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Rocketry

  ROCKETS IN WORLD WAR II

At the end of this block of study, you should be able to:

5.40 Discuss and describe the various rockets and missiles used during World War II.


In the late 1930s, with the threat of another world war looming on the horizon, many governments took a new interest in rocket development.

During World War II, every major power had a rocket program. Some, like the Japanese, had a limited program while that of the Germans was major and even included plans for spaceflight.

To the general public, the German V-1 and V-2 are the best known of the rockets and missiles used in the war. However, rockets and missiles were used in great quantities, for many purposes, in different shapes and sizes, and in most theaters of operations.

"Corsair fighter looses its load of rocket projectiles on a run against a Jap stronghold on Okinawa. In the lower background is the smoke of battle as Marine units move in to follow up with a Sunday punch." Lt. David D. Duncan, ca. 1945. (NARA 127-GR-97-126420)

The Soviet Union used the six-foot-long Katyashu barrage rocket. It had a three-mile range and was launched from a mobile launcher that held from 30 to 48 of the rockets.

The U.S. Navy also used barrage rockets. The most common one was the 2.75 feet long and weighed 38.2 pounds and was 4.5 inches in diameter. The Navy outfitted special landing craft that could launch 300 of these rockets a minute.

Another rocket weapon was the bazooka. this was an American weapon designed for the infantry to destroy tanks and fortifications.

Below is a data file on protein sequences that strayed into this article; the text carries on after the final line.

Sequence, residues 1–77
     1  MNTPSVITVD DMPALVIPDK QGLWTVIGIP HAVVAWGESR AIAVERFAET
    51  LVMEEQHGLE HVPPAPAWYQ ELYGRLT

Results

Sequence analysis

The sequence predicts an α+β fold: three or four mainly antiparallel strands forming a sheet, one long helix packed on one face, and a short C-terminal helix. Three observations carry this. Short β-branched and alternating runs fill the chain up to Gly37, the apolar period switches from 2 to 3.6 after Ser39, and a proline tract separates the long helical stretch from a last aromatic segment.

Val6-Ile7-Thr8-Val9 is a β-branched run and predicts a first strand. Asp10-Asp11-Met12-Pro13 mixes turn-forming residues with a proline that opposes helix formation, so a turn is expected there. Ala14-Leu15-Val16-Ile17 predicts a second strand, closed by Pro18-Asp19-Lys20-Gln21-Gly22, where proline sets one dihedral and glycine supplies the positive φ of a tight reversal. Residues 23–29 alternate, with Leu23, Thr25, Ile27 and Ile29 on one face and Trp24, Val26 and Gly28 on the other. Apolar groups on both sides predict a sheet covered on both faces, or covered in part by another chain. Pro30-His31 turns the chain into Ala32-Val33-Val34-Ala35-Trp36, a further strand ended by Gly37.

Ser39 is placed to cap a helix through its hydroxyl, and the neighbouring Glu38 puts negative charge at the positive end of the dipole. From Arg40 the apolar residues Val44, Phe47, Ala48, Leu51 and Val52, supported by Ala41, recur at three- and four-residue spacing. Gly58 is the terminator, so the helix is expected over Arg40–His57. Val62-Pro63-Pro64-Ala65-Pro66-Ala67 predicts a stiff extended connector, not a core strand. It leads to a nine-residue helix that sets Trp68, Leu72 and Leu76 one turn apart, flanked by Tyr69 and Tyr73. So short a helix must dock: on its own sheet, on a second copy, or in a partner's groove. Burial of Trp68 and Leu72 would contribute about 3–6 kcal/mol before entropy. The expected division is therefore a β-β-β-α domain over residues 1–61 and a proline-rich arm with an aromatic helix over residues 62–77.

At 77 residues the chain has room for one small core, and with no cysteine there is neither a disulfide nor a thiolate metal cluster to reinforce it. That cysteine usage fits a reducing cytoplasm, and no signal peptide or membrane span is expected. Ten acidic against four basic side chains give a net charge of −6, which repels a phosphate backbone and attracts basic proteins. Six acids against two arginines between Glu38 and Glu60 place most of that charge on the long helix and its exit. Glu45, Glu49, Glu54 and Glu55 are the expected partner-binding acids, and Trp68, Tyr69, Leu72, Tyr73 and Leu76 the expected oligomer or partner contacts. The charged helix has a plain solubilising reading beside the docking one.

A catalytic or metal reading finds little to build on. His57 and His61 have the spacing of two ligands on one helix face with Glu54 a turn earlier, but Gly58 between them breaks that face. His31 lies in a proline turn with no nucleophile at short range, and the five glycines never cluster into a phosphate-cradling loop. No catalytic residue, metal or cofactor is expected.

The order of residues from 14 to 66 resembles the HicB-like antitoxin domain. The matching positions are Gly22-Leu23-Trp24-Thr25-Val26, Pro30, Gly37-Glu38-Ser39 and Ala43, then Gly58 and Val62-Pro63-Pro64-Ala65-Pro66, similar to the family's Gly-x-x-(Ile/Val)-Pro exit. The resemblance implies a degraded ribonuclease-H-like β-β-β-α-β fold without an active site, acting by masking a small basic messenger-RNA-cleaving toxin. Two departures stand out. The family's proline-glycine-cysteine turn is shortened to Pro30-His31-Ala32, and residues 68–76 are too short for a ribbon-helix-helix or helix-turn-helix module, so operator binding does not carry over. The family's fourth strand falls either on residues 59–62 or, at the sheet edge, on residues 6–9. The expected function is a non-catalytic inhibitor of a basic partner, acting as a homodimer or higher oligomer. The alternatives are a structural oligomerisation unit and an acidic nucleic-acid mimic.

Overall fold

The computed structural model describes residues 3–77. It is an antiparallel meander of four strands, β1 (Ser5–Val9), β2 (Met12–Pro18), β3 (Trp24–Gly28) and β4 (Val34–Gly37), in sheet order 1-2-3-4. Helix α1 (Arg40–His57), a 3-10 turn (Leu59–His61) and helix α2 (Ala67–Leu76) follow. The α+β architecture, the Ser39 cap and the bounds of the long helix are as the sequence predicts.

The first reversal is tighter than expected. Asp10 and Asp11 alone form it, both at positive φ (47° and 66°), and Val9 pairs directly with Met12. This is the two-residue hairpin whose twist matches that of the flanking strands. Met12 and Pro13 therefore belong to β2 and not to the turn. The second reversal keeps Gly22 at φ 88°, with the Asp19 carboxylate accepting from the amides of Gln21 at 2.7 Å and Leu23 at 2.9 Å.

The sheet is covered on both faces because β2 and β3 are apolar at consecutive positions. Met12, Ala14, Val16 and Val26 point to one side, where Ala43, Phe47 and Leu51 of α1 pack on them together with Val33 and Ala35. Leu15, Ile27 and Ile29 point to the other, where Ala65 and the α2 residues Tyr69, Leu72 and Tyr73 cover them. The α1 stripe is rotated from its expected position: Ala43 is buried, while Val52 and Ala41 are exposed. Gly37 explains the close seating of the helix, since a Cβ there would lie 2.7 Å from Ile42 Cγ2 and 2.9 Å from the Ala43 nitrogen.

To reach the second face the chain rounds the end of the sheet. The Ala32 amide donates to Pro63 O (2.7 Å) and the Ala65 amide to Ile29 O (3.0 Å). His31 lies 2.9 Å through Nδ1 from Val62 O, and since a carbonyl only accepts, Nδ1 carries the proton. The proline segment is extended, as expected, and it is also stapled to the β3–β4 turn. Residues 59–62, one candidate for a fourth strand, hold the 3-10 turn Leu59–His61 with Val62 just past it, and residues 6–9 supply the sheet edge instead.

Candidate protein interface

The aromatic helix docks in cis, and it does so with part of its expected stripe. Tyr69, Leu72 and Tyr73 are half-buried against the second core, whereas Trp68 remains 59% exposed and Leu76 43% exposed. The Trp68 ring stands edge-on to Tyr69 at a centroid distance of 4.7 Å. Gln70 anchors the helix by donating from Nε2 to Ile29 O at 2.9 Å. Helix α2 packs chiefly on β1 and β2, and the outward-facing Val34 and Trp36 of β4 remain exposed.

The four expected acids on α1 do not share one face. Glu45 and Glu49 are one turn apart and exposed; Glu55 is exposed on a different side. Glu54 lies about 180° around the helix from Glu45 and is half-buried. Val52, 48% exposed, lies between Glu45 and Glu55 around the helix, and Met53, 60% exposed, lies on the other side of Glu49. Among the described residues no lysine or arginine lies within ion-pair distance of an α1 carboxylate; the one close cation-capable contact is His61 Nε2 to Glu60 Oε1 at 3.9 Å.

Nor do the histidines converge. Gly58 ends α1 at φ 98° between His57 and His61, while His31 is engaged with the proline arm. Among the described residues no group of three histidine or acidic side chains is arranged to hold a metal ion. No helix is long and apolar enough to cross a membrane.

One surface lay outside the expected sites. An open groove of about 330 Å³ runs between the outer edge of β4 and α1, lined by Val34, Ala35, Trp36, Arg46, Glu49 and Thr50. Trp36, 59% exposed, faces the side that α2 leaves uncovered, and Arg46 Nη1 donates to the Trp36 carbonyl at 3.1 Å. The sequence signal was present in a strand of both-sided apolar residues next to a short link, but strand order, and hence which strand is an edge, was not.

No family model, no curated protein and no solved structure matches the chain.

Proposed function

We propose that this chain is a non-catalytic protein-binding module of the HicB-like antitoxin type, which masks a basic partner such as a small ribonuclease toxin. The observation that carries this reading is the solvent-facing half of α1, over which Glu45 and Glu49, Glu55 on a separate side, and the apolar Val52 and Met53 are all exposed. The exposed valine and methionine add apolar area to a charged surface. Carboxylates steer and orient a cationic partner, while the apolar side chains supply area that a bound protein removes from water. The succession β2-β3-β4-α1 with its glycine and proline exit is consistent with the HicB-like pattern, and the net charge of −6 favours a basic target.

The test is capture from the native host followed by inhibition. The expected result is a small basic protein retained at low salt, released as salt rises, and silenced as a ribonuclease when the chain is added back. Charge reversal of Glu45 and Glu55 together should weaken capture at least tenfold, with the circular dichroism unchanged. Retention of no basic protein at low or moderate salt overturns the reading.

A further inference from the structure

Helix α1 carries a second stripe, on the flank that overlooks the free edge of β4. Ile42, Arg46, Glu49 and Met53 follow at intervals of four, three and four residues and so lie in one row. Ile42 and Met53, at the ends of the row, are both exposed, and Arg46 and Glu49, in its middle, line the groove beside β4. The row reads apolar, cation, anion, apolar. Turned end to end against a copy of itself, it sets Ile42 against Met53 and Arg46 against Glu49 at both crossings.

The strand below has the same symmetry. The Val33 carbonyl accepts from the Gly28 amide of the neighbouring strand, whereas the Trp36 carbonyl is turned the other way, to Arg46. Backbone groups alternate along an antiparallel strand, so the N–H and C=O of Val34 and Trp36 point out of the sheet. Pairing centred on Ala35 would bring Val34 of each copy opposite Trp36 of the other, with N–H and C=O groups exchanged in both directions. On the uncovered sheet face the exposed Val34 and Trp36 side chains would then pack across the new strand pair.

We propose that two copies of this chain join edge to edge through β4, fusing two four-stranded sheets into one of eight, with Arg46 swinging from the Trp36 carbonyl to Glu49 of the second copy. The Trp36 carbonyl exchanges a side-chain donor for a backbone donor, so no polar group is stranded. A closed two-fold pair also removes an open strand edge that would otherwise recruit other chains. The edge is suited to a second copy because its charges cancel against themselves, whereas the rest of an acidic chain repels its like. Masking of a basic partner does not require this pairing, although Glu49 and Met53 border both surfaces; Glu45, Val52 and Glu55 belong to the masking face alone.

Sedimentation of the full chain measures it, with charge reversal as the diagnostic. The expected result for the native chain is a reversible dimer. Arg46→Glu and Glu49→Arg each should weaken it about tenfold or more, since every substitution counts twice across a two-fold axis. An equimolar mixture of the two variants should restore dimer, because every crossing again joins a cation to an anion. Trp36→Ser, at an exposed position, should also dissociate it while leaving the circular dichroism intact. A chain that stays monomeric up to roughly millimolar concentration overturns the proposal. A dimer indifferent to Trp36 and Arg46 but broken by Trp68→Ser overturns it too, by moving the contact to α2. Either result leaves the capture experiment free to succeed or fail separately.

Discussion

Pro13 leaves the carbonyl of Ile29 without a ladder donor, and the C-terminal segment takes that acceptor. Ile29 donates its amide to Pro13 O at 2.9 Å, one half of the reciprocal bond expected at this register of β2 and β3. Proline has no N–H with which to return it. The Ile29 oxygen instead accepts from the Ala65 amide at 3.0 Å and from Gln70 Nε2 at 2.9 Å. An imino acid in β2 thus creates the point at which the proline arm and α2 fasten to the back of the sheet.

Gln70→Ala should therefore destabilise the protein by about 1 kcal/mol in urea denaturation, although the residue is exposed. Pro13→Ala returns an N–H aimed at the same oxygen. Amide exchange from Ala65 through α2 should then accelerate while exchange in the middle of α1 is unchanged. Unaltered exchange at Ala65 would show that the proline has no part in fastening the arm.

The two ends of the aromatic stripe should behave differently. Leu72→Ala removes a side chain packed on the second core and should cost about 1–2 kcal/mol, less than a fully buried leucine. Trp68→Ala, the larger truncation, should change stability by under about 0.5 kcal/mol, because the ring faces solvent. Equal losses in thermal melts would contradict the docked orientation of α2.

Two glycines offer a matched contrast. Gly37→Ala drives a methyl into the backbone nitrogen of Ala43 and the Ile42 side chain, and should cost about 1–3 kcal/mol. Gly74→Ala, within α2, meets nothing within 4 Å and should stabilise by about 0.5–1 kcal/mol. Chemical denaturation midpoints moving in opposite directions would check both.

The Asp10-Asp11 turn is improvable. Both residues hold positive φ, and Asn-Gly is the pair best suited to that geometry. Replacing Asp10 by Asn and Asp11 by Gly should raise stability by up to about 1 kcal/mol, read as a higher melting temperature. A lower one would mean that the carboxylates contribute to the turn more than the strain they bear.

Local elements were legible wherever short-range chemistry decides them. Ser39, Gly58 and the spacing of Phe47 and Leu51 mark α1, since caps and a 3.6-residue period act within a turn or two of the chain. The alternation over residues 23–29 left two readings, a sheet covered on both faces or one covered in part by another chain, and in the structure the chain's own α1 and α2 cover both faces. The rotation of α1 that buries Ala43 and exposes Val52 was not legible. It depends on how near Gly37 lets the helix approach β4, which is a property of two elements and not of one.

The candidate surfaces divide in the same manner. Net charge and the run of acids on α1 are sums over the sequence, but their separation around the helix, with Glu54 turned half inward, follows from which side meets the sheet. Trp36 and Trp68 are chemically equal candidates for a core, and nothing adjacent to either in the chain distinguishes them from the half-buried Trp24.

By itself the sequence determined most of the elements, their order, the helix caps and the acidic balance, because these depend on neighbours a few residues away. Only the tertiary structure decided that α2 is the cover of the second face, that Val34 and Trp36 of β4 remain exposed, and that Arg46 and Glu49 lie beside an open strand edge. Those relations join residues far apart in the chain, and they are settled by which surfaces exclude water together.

During the last 12 months of World War II, Germany used two new weapons in an attempt to win the war. The first was a small, jet-powered flying bomb called the V-1. It was launched from Northern France and flew about 400 mph across the English Channel to England. After flying for about 150 miles, the fuel supply would run out and the V-1 would crash exploding the bomb in its nose. The weapon did limited damage to England as it was vulnerable to fighter aircraft, and many were also shot down by antiaircraft fire.

Life in London during the war. View of a V-1 rocket in flight, ca. 1944. (NARA 306-NT-3157V)

The V-2 was a rocket­propelled missile and, unlike the V­l, was impossible to defend against. It carried a 2,000­pound warhead at speeds of about 3,600 mph and had a range of about 220 miles. The high, arching flight of the V­2 carried it to an altitude of about 100 miles. From this altitude, it fell faster than the speed of sound and landed before any warning could be given. The V­2 did a considerable amount of damage to English cities and killed or wounded several thousand people.

A V-2 (A-4) on a test stand at Peenemunde, Germany during the war.

 

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Updated: 12 March, 2004